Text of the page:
Sunday, November 26, 2006

Blueberry-Buttermilk Bundt Cake

I have three things I want to say related to my recent Blueberry-Buttermilk Bundt Cake.

First, bundt cake. I’ve been wanting to do a bundt cake for a while. But my bundt pan has been making me nervous. The last few times I have used it, big chunks of cake have stuck to the pan, and the resulting cake, while perfectly tasty (generally), just does not look that great. I bought a new pan in an effort to address this problem. Still, I was nervous, fearing that it might be me, not the pan, and that I would have yet another disaster.

Besides buying a new bundt pan, I did a few other things to try to ensure success. Rather than using Pam/spray, I used butter to grease the pan. I also buttered the pan so incredibly thoroughly I was pretty much up to my elbows in butter by the time I was through. Getting into all those grooves is not all that easy, but I really worked at it and made sure that every inch of surface was liberally covered.

When the moment of truth came, I placed a plate on top of the cake pan, and carefully turned it all over. Thwump. What a great sound, the sound of my cake solidly and easily falling out of the pan and smack onto the plate. Absolutely perfect.


Thing #2 – Blueberries. One of the appeals of this particular recipe was that the blurb mentioned using frozen blueberries (i.e., that these worked well with this cake). I’m worried that Cascadian Farms - my usual frozen blueberry supplier - is huge, and potentially just like corporate mainstream food. There is no rational reason for this, but I’m subscribing to the idea that local is better, that smaller is better, and that the big organic companies have some of the same issues as regular big agriculture. So I decided to experiment with a different brand, not one I recognize. Because I’m not familiar with the brand, I’m hypothesizing that they are a smaller outfit, and therefore possibly better in some way I can’t quite describe. I recognize that my thinking here is not particularly sound.

Anyway… when I opened the bag of blueberries to pour them into the cake batter, I was SHOCKED to discover that they were HUGE. I was completely taken aback, and I have to say, quite horrified. This was not what I was expecting at all. Being from Maine, what I am looking for in my blueberries is small small small. But, at this point, there was nothing to be done for it. The batter was ready, the pan was greased, and the oven was preheated. So, in with the blueberries. Did I mention that they were grotesque? Bigger than marbles, really.



Not surprisingly, the blueberries were still huge when the cake came out of the oven and the pan (the baking process can seem so magical sometimes; yet, sadly, this does not extend to the point of shrinking obscenely large blueberries to a more appropriate size). Regardless, the cake both looked good and tasted good (in my view – we’ll see what others have to say), and Alden pointed out that no one else would guess that I had made a mistake with the blueberries.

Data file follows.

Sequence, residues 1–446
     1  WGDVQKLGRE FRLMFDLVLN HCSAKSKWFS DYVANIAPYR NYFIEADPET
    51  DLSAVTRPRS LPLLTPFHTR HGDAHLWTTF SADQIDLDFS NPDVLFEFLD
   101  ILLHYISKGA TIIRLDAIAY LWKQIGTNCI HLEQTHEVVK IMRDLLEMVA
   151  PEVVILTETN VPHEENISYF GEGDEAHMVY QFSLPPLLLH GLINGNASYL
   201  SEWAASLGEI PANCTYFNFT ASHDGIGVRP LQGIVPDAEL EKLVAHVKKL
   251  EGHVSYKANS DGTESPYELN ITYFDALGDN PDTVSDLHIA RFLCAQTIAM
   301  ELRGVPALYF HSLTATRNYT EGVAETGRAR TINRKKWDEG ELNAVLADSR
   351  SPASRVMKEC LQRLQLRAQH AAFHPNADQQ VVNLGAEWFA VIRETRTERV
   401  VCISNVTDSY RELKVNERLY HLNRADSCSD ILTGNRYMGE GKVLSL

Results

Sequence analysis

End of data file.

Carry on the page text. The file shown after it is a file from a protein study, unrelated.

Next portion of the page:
The third significant thing: Milo got to eat some of this cake. This was his first cake experience. Rather than actual bites of cake, I mostly gave him the (grotesque) blueberries, with just a few small bits of cake clinging to them. As always, he was pretty busy, moving all around and checking everything out, but in between all that activity, he seemed to like the cake. That’s my kid. [note: Milo is just eating here, not actually eating the blueberry cake...]

4 comments:

tuna said...

About the blueberries. I made blueberry pancakes this morning for my houseguests - Organic Wild Oats brand. Also big, but also tasty. Just went to look at the packet and it says: grown for and distributed by Wild Oats, Boulder CO. Nothing about WHERE they were grown. I seem to remember being able to buy frozen blueberries in Maine that were smaller, maybe from Wyman and probably not organic. Wyman might need to be avoided on other grounds however, since they are always mounting campaigns against gays in any way shape or form.

Clarissa said...

I think I have had the Wild Oats brand blueberries before. My recollection is that they were okay, though, as you indicate, big.

I did a bit more research. Cascadian Farms (and I have liked their blueberries - they are lovely and small) is now owned by General Mills. Somewhere on their website, they note that this "allows them to get their products out to more people." Okay. And, don't get me wrong, I'm a big fan of Cheerios (though right now I mostly find myself crunching them underfoot in my kitchen, as I routinely give them to Milo - just so he can throw them on the floor apparently). But, I just have a bit of trouble with this whole marriage of organic and General Mills. I like the idea of small organic. I know big organic is good, too, but it doesn't seem as good.

qcanoe said...

Wyman's are the ones, as tuna said. While I wait for politically correct berries, I'll probably keep buying Wyman's in the off season just becuase I feel - perhaps irrationally - like they're local and "slow" (as in Slow Food) compared with those gross blobberries. Not to mention they're yummy.

Ms. Z said...

This is Sarah Z, by the way!
I LOVE huge blueberries. I've never been a fan of the little ones. The bigger the better, especially in things like muffins, pan cakes, and bundt cake! But especially, I love them in my oatmeal or on my cereal.

What a lovely idea for a blog, by the way Clarissa. I'll enjoy reading about your cake adventures. My current most favorite cake to make is a chocolate vegan cake with vegan chocolate buttercream icing. My niece is allergic to eggs and milk, but loves cake. So I've gotten good at it. It's sinful!

Cute picture of Milo!